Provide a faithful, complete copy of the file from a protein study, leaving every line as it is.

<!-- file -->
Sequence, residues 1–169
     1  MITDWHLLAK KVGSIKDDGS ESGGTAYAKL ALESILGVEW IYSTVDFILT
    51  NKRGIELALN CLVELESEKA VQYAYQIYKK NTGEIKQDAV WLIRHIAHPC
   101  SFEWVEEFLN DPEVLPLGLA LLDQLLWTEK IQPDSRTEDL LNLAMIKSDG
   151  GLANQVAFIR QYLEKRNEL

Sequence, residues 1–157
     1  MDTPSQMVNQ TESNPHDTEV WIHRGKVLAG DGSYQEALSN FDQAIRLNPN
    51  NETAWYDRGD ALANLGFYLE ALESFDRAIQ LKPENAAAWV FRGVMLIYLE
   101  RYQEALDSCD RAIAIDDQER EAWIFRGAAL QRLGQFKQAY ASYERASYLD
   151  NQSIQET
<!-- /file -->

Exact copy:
Sequence, residues 1–169
     1  MITDWHLLAK KVGSIKDDGS ESGGTAYAKL ALESILGVEW IYSTVDFILT
    51  NKRGIELALN CLVELESEKA VQYAYQIYKK NTGEIKQDAV WLIRHIAHPC
   101  SFEWVEEFLN DPEVLPLGLA LLDQLLWTEK IQPDSRTEDL LNLAMIKSDG
   151  GLANQVAFIR QYLEKRNEL

Sequence, residues 1–157
     1  MDTPSQMVNQ TESNPHDTEV WIHRGKVLAG DGSYQEALSN FDQAIRLNPN
    51  NETAWYDRGD ALANLGFYLE ALESFDRAIQ LKPENAAAWV FRGVMLIYLE
   101  RYQEALDSCD RAIAIDDQER EAWIFRGAAL QRLGQFKQAY ASYERASYLD
   151  NQSIQET